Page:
And fills the air—the voice of our complaint.
Thousands of years!—yea, they have passed away
As drops of dew upon the sunlit rose,


Or silver vapors of the summer sea;
Thousands of years! like wind-strains on the harp,
Or like forgotten thoughts, have passed away
Unto the bourne of unremembered things.
Thousands of years! When the fresh earth first broke
Through chaos, swift in new-born joy even then
The stars of heaven beheld us waving high
Upon the mountains, slumbering in the vales:
Or yet the race of man had seen their light,
Before the virgin breast of earth was scarred
By steel, or granite masses rent from rocks
To build vast Thebes or old Persepolis,
Our arms were clasped around the hills, our locks
Shaded the streams that loved us, our green tops
Were resting places for the weary clouds.
Then all was harmony and peace; but Man
Arose—he who now vaunts antiquity—
He the destroyer—and in the sacred shades
Of the far East began destruction's work.
Echo, whose voice had answered to the call
Of thunder or of winds, or to the cry
Of cataracts—sound of sylvan habitants
Or song of birds—uttered responses sharp
And dissonant; the axe unresting smote
Our revered ranks, and crashing branches lashed
The ground, the mighty trunks, the pride of years,
Rolled on the groaning earth with all their umbrage.
Stronger than wintry blasts, and gathering strength,
Swept that tornado, stayless, till the Earth,
Our ancient mother, blasted lay and bare
Beneath the burning sun. The little streams
That oft had raised their voices in the breeze
In joyful unison with ours, did waste
And pine as if in grief that we were not.
Our trackless shades, our dim ubiquity,
In solemn garb of the primeval world,
Our glory, our magnificence, were gone;
And but on difficult places, marsh or steep,
The remnants of our failing race were left,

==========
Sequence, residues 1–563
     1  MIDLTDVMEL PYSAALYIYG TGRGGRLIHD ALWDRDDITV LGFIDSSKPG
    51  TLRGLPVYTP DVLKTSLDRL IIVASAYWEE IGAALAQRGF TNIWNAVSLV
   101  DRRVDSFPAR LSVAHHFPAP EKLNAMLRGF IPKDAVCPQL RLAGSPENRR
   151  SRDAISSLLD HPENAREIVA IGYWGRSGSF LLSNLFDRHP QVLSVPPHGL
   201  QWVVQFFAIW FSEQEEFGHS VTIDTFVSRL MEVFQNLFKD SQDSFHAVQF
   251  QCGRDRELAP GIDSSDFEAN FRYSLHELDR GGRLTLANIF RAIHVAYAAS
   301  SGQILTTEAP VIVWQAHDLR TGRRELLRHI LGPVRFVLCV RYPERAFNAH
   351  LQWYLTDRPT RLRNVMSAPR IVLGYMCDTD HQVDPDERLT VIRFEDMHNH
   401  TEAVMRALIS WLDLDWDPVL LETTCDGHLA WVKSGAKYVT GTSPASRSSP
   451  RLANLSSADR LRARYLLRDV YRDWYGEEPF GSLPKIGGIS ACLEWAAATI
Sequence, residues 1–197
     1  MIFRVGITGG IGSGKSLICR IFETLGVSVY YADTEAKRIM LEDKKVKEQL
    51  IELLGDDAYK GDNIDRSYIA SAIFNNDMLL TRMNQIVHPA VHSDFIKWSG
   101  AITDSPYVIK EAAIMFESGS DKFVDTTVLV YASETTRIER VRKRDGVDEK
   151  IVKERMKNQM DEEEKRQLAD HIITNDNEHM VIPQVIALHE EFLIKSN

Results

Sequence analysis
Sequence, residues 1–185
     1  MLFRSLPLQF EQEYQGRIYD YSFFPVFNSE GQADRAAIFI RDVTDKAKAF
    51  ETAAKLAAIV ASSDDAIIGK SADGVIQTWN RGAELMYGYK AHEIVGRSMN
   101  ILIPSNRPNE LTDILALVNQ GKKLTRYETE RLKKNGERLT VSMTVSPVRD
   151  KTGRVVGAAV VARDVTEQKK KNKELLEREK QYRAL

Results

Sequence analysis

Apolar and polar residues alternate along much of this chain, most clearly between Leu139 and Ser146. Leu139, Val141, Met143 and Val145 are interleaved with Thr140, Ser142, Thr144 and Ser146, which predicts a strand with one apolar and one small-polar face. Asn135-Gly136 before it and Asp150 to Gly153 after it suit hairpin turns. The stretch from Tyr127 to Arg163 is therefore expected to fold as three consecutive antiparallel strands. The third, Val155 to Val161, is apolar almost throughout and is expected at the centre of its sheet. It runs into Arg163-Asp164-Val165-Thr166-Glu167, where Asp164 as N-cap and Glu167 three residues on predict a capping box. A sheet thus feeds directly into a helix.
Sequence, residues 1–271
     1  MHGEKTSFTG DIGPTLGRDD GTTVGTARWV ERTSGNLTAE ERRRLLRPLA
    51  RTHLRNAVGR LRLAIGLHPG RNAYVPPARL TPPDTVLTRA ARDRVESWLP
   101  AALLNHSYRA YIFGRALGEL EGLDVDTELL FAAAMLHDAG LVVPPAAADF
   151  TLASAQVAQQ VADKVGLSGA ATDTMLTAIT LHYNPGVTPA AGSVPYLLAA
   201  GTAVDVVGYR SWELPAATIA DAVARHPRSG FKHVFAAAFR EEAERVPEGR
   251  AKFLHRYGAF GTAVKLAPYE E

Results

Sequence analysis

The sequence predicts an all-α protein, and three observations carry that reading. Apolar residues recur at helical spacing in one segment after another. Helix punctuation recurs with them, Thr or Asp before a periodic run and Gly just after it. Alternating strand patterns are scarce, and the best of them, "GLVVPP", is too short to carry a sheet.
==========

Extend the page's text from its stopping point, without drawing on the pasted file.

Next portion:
Like scattered clouds upon the mountain-top.
The vast Hyrcanian wood, and Lebanon's
Dark ranks of cedar were cut down like grass;
And man, whose poets sang our happy shades,
Whose sages taught that Innocence and Peace,
Daughters of Solitude, sojourned in us,
Held not his arm, until Necessity,
Stern master e'en of him, seized it and bound,
And from extinction saved our scanty tribes.
“Seasons there were, when man, at war with man,
Left us to raze proud cities, desolate
Old empires, and pour out his blood on soil
That once was all our own. When death has made
All silent, all secure, we have returned,
Twisted our roots around the prostrate shafts
And broken capitals, or struck them deep
Into the mould made richer by man's blood.
Such seasons were but brief: so soon as earth
Was sanctified again by shade and art,
Again resolved to nature, man came back,
And once more swept our feeble hosts away.
“Yet was there one bright, virgin continent
Remote, that Roman name had never reached,
Nor ancient dreams, in all their universe;
As inaccessible in primal time
To human eye and thought, as Uranus
Far in his secret void. For round it rolled
A troubled deep, whose everlasting roar
Echoed in every zone; whose drear expanse
Spread dark and trackless as the midnight sky;
And stories of vast whirlpools, stagnant seas,
Terrible monsters, that with horror struck